Working with Uber has brought Mohnke a lot of trouble; For a long time, politicians and the taxi lobby have been fighting hard against the liberalization of passenger transport in Germany. Nevertheless, the entrepreneur wants to push his industry to the next modernization.

Taxis and rental cars should move away from combustion engines as quickly as possible, i.e. become electric. It's about almost 100,000 cars in the country, which cover millions of kilometers a year, especially in the cities, blowing a lot of CO2 into the air. And it's about a completely fragmented industry with more than 32,000 individual entrepreneurs, as figures from the Federal Ministry of Transport show.

In order to make the transition easier for their competitors, the entrepreneurs behind the “Green Mobility? Yes, please” give away electricity. Safedriver operates four fast-charging stations centrally near Potsdamer Platz. "We promise every taxi driver who switches to electromobility that he can charge there for free for a year," says Mohnke.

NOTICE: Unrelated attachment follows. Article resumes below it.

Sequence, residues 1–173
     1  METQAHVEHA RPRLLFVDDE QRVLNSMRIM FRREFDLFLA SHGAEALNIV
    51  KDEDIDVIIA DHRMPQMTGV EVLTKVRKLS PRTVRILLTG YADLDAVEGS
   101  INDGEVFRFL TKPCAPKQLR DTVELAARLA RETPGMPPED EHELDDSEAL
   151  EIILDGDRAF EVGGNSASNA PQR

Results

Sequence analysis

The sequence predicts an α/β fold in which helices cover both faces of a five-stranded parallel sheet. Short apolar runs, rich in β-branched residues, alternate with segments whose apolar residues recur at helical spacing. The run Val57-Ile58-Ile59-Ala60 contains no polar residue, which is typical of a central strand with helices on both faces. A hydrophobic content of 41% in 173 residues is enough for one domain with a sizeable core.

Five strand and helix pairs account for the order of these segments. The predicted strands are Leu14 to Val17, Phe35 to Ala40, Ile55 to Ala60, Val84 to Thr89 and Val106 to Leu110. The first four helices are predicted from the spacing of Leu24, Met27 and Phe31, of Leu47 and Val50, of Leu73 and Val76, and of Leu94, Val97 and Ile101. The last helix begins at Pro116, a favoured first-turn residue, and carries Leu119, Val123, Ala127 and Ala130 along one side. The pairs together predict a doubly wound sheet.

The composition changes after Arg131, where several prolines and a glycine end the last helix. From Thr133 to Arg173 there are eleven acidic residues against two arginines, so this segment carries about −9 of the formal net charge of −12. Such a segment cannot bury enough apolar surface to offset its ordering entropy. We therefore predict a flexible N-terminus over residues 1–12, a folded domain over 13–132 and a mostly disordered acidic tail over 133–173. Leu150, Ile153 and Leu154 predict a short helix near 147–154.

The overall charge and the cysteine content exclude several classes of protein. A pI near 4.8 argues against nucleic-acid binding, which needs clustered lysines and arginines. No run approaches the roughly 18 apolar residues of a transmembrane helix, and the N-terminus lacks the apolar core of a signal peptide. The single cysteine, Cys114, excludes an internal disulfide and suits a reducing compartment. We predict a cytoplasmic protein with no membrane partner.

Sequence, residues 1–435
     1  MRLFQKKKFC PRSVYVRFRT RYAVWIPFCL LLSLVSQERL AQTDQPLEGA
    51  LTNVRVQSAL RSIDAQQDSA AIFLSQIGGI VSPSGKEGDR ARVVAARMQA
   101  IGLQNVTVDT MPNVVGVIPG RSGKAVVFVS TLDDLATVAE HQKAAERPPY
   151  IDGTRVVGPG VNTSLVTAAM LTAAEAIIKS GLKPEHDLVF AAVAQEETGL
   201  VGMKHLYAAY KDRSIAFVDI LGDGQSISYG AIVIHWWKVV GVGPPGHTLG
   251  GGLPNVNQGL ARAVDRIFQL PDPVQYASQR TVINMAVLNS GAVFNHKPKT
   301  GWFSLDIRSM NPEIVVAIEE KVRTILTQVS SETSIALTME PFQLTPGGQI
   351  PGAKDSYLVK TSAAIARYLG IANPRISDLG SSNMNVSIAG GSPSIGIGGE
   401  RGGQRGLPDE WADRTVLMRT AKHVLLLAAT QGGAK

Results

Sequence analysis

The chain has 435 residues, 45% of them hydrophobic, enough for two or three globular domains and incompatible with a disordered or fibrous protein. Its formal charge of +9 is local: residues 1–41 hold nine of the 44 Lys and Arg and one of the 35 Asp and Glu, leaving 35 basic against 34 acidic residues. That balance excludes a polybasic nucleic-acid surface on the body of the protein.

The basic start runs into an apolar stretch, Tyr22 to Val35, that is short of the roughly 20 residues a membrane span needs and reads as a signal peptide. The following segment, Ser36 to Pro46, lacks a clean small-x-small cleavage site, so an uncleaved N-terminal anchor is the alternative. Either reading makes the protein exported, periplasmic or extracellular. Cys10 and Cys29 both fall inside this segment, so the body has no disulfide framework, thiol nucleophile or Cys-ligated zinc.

The drive for the entrepreneurs behind the campaign is not only climate and environmental protection, they are also concerned with securing their own business. Because the days of diesel taxis in the city center are coming to an end faster than many in the industry previously thought.

The city council of Munich has just decided to ban diesel vehicles of emission classes Euro 5 and older from October 1, 2023 in the city center and the Mittlerer Ring. There is still a transitional regulation for taxis, but from April 2024 they will also be over. The fact that metropolises will eventually ban internal combustion engines completely from the city center is already being discussed. By then at the latest, taxi and rental car providers will no longer have an alternative to converting their fleets.

It is better, therefore, to prepare for it beforehand – and use the support from politicians. The entrepreneurs of the initiative complain, however, that this is going back. The traffic light coalition has extended subsidies for electric cars. However, payments to commercial fleet operators are scheduled to end on September 1, 2023. "We still need the support of the environmental bonus," demands Mohnke and calculates that 100,000 new electric cars will cost around four billion euros.